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FLOSSUK Spring DevOps 2016: The Presentations 02

Thom May: When Applications Make Promises

Tue Apr 5 11:34:15 2016


The following is a review of a presentation given at FLOSSUK Spring DevOps Conference. The event was held at Mary Ward House in London between 15th-17th March 2016. Although this is a description of a presentation with some dissection of what was discussed it is not a verbatim account and will contain personal impressions and interpretation. The content therefore does not reflect the quality of the original presentation and should be considered a review and personal opinion.

This is one of a series of reviews of the talks I saw at the event.

Promise Theory

Thom is an applications developer with Chef, his talk was focussed on how Chef works in regards to Promise Theory

Promise Theory, in the context of information science, is a model of voluntary cooperation between individual, autonomous actors or agents who publish their intentions to one another in the form of promises.
A promise is a declaration of intent whose purpose is to increase the recipient's certainty about a claim of past, present or future behaviour. For a promise to increase certainty, the recipient needs to trust the promiser, but trust can also be built on the verification that previous promises have been kept, thus trust plays a symbiotic relationship with promises. Each agent assesses its belief in the promise's outcome or intent. Thus Promise Theory is about the relativity of autonomous agents. Wikipedia

quote from Abraham Lincoln

Thom at the start of his presentation

The way that Promise Theory is implemented in Chef underpins much of how it works as a configuration management system, the belief in Chef is that systems work well with Promise Theory. There are certain beginning precepts that must be understood:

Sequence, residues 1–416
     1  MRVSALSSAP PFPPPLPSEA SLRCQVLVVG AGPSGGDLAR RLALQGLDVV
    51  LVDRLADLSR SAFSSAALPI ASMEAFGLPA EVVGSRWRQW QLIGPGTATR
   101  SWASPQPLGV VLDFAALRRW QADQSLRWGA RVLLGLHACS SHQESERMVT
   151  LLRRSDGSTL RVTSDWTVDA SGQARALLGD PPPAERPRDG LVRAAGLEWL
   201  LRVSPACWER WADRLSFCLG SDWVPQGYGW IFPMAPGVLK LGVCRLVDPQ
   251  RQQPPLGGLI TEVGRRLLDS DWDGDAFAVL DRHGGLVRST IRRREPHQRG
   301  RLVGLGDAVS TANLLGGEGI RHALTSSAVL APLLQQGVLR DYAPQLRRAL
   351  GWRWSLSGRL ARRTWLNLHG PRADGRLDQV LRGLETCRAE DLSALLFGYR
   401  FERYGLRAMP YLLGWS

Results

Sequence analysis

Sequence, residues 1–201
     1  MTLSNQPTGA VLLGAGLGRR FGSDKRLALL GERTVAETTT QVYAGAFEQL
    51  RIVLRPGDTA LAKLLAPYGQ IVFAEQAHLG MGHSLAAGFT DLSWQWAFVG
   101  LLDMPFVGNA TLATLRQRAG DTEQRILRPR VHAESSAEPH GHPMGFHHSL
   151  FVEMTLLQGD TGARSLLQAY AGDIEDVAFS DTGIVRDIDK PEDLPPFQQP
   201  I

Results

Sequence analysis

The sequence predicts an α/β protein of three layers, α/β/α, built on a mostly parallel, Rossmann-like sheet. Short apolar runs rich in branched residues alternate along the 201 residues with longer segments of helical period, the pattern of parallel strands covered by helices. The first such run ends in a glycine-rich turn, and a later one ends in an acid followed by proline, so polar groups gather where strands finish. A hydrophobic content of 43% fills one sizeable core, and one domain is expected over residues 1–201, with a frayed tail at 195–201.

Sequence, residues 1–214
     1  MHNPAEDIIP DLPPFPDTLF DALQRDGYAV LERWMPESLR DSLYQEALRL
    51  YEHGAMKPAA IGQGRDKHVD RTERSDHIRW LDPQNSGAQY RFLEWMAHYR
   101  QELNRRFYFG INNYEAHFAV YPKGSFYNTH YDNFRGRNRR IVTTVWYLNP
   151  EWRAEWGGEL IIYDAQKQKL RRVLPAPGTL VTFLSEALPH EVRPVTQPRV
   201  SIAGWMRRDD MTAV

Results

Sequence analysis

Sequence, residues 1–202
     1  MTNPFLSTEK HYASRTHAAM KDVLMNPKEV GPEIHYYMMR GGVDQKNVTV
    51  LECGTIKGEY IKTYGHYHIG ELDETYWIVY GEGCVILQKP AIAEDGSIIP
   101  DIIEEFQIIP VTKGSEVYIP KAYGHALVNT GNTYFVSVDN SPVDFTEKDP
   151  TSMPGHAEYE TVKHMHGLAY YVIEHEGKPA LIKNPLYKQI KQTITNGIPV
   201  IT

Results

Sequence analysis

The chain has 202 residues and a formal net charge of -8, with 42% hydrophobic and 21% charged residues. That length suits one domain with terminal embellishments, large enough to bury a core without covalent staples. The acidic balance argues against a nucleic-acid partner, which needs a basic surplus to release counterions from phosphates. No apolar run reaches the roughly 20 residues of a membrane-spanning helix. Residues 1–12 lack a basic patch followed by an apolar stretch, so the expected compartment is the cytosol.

• An obligation is a command
  • A promise is a contract
    • Allows statements of ability, concern and function and can be queried

In a configuration management promise we have:

  • The Promise
  • The Changes
  • The Outcome

So in Chef this turns into:

  • Node is a promise
  • Node declares what it will be
  • Node reports if it was successful and why (changes) that led to that success

In this way the whole of the configuration management promise is ‘data driven’

We now have the concept of ‘orchestration’ which is the interaction with nodes on an individual basis.

On millions of nodes is it implausible to directly control each one of them. Their has to be a level of stratification, but in massive systems there has to be the expectation of automation. Orchestration is synchronous, it uses a direct connection not APIs, this is an overhead and limits the number of simultaneous connections, so this needs scheduling. This is a complex system and relies on the use of central logic to control, the install code for everything is inside the orchestrator.

quote from Google

Actors are the instances and are synonymous in Chef with applications. An actor can:

  • Receive a message
  • Send a message
  • Spawn new actors
  • Change itself - which is to change the system and state by sending a message.

Orchestration allows the actors to be manipulated which is considered to be Choreography. In choreography there are a number of elements:

  • A promise is made
  • Agents are the ones to make a promise
  • They can perform actions
  • This delivers dynamic relationships between nodes

The use of Promise Theory to make a contract that the system performs using applications as actors that perform a specific routine (choreography) that is centrally directed (orchestration) and controlled makes for a very powerful system. It occurs to me that by using source control via repository and management it would serve as a change control system for the systems as well as a configuration management.

The fact that Thom was able to convey all of this understanding and information in such a clear manner is mark of how great his presentation was. It certainly makes for a good introduction to the conceptual working of Chef.

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